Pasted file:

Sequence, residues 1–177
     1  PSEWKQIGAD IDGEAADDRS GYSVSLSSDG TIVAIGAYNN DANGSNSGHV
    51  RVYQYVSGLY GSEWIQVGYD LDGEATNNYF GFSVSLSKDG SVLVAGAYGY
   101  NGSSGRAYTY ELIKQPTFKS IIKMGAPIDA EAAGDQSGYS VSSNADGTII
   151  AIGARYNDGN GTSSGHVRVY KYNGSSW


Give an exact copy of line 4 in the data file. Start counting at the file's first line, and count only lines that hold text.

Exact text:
   101  NGSSGRAYTY ELIKQPTFKS IIKMGAPIDA EAAGDQSGYS VSSNADGTII